With the semester over, a common question students have is how they can get access to Westlaw and Lexis. With the coronavirus pandemic upending everything, it’s fair to ask whether it’s upending access to your legal research tools as well. Here, for once, we have some unequivocal good news for you!
Bloomberg: Have you used Bloomberg? You may like it for docket research, sample documents, or secondary sources. Current students get access to Bloomberg all summer long with their current credentials. There’s nothing to register for. Graduating students get access to Bloomberg all the way until June 2021.
Lexis: Like Bloomberg, Lexis is giving current students access all summer. Graduates get access until February 8, 2021. Again, no registration required. Keep using your normal ID and password.
Westlaw: Westlaw’s access offer has more restrictions, but it’s still good. Current students have access for non-commercial purposes over the summer. What does that mean? Essentially, if you’re working for a law firm, the firm needs to get you a Westlaw password to use. If you’re using Westlaw for law review, clinic, or work for a non-profit, then you can you your current Westlaw password.
For graduates, the library subscribes to a Westlaw Practice Ready library that provides 18 months of continued access for graduates. This access gives you 60 hours of usage on these products per month. To extend access, graduates must log into lawschool.thomsonreuters.com. Choose “Grad Elite Status” from your homepage and press the “Extend Access” button.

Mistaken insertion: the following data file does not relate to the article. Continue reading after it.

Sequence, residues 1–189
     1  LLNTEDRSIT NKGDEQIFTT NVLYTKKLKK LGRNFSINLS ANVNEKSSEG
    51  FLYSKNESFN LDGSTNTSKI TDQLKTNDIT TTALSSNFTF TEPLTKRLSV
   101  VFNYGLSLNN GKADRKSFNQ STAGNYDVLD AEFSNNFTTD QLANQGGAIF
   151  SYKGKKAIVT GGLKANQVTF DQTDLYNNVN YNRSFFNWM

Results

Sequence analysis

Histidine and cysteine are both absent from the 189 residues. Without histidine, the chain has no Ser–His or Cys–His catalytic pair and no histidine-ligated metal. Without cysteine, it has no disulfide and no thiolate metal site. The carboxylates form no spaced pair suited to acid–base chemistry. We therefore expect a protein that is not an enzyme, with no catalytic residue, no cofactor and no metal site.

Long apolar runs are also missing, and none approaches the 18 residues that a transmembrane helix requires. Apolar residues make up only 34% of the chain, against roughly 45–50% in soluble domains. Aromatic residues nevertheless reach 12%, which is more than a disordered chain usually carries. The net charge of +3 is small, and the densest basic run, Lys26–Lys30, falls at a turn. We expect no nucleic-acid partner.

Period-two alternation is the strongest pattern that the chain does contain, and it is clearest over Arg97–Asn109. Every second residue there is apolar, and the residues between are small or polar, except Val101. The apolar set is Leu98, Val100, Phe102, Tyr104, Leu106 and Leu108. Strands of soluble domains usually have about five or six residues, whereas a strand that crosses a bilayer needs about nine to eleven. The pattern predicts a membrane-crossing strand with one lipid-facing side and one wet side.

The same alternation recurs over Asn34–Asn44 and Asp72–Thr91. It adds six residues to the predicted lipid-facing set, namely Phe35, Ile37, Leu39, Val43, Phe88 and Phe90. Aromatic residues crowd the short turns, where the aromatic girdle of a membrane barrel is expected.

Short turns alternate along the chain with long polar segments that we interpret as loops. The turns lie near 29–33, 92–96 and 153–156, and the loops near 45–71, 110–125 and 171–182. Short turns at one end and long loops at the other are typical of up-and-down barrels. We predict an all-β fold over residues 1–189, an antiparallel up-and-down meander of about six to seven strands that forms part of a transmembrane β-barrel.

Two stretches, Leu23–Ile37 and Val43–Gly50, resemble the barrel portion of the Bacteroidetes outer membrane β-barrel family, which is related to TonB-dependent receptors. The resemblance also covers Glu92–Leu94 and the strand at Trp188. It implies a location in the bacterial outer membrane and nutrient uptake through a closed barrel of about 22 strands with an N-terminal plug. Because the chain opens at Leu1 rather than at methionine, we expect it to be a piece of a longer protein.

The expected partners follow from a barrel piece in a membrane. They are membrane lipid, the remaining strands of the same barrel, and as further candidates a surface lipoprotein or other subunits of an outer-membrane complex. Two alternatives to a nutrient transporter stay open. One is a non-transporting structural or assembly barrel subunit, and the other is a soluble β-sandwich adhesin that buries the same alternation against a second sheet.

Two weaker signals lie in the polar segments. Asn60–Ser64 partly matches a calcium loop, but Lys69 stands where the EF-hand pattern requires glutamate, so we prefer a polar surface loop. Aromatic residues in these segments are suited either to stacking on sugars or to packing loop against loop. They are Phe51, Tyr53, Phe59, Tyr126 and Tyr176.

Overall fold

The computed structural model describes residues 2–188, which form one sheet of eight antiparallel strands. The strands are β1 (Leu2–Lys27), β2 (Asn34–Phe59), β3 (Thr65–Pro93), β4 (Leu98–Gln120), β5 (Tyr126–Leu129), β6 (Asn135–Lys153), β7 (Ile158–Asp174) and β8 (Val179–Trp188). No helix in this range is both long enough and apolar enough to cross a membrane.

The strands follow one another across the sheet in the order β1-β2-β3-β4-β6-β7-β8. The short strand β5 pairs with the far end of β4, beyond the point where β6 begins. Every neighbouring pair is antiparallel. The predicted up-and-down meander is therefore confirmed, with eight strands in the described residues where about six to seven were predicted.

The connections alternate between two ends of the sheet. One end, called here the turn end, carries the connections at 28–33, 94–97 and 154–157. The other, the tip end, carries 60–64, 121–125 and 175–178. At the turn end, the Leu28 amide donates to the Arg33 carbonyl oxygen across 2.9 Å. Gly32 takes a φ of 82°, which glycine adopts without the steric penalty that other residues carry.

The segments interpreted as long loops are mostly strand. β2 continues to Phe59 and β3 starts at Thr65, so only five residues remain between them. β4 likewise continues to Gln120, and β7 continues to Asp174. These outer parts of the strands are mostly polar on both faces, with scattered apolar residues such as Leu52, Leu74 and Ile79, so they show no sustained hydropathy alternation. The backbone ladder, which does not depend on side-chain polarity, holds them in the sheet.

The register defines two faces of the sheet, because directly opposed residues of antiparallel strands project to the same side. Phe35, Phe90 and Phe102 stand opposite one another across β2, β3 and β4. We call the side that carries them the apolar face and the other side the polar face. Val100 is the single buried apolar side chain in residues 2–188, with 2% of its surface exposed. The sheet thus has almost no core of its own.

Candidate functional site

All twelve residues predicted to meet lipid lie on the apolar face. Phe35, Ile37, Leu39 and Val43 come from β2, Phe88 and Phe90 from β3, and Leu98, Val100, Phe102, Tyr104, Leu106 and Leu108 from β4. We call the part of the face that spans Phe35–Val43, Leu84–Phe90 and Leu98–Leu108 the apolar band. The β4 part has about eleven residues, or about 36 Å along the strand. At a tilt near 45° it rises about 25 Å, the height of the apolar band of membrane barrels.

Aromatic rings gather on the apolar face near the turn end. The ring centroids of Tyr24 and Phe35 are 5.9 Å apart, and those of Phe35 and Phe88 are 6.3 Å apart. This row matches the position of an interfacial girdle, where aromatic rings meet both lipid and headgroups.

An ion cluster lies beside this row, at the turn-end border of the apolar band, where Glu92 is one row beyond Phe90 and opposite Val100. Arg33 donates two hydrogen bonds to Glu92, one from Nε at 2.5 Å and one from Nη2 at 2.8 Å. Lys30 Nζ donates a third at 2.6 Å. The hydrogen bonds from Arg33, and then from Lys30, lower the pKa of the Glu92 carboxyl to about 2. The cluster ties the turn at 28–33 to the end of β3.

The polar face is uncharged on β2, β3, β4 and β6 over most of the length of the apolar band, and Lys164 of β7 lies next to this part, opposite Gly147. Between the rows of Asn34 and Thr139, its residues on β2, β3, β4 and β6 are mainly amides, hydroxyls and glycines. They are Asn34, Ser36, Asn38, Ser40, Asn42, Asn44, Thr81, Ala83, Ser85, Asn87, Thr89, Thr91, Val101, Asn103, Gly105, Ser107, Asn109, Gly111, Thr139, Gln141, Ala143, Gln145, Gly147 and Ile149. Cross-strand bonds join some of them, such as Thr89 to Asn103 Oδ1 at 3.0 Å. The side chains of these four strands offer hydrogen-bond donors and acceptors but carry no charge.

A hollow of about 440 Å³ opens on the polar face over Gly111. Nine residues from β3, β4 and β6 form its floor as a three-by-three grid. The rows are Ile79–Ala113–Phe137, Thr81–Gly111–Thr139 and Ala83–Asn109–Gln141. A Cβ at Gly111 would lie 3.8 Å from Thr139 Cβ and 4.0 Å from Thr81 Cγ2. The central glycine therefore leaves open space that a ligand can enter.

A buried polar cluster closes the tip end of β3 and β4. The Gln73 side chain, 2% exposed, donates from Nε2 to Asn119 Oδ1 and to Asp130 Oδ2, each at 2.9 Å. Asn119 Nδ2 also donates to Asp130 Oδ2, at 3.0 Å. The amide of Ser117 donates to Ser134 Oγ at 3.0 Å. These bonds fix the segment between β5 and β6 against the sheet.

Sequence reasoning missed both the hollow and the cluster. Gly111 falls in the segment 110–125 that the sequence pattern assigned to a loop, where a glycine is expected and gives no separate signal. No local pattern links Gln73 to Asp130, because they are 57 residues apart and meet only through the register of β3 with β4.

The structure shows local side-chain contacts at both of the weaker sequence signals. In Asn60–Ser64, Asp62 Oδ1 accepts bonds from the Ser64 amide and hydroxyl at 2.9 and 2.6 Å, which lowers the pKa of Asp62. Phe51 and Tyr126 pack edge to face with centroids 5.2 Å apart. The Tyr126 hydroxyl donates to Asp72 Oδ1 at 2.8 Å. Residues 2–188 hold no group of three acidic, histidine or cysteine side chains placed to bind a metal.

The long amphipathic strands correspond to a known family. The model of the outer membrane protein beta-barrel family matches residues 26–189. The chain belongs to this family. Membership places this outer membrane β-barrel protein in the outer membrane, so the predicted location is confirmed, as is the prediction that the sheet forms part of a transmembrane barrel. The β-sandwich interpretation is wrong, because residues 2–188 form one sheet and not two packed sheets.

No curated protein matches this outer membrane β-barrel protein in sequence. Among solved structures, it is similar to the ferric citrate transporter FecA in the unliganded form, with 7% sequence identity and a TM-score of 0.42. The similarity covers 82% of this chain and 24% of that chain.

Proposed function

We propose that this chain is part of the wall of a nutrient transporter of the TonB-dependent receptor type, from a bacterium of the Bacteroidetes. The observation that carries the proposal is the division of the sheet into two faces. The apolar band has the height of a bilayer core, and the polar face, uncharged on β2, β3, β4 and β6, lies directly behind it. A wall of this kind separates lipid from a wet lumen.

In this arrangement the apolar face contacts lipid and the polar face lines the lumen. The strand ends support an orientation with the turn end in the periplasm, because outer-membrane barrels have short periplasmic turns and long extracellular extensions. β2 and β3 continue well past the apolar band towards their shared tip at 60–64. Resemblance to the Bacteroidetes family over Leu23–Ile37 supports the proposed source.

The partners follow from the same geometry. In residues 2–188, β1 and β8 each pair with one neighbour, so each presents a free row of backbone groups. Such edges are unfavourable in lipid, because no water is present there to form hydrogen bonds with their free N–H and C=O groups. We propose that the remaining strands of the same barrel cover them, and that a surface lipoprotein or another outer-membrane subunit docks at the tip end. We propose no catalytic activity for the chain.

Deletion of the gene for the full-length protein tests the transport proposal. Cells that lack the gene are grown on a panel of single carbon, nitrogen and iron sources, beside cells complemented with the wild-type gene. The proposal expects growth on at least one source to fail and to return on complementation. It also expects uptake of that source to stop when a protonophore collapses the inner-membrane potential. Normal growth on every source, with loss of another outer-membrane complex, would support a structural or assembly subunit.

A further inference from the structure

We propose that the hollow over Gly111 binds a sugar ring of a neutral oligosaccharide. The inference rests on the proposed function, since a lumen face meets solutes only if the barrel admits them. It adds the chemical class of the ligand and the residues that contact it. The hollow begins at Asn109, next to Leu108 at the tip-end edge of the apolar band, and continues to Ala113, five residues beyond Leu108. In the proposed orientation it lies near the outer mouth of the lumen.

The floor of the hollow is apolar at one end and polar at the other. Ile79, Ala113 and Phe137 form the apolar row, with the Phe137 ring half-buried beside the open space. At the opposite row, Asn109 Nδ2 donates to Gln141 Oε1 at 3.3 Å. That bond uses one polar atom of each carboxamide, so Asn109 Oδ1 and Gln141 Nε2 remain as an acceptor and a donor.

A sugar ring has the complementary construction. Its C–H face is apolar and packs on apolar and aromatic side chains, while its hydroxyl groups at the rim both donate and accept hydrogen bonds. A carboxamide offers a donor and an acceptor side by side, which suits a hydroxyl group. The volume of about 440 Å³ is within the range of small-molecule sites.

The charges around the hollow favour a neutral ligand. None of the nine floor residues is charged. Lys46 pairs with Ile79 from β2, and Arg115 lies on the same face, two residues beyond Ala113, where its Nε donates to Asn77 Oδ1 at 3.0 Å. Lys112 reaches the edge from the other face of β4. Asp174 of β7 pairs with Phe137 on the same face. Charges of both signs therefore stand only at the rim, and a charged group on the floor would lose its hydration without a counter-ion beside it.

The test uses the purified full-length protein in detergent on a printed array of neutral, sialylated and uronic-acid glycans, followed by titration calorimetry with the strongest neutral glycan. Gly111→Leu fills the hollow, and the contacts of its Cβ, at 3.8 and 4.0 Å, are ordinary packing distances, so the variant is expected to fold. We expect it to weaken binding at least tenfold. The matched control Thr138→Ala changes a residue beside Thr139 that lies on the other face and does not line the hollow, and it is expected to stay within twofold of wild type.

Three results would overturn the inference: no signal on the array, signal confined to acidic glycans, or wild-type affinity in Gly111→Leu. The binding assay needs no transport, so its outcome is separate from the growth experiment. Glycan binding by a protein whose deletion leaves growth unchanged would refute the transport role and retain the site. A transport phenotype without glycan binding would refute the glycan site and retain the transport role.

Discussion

All those other goodies? Current students have continued access to all of our other electronic resources like HeinOnline and Law360 via your NetID throughout the summer and graduates retain access for as long as your NetIDs remain active (through Oct. 2020).
If you have any questions about the ins and outs of these policies or if you want to talk about free or low-cost alternatives to these services, reach out to the library.
Analytic tools have cropped up in many different fields, and while we normally focus on legal information resources, I’d like to highlight a business data platform recently licensed by NU: PitchBook*. PitchBook tracks startups, public and private equity markets, including venture capital, private equity and M&A. Data is systematically sourced by web-crawling and applied machine learning technologies, the results of which are reviewed by humans who verify accuracy and relevance. The content in PitchBook is extensive (see screenshot below) but easy to navigate, and thanks to robust filtering, you can efficiently narrow in on what matters to you. After logging in you’ll land on your dashboard, which contains news and industry data feeds based on what you’ve selected under the “Personalize” preferences: industries, verticals, deal types and locations.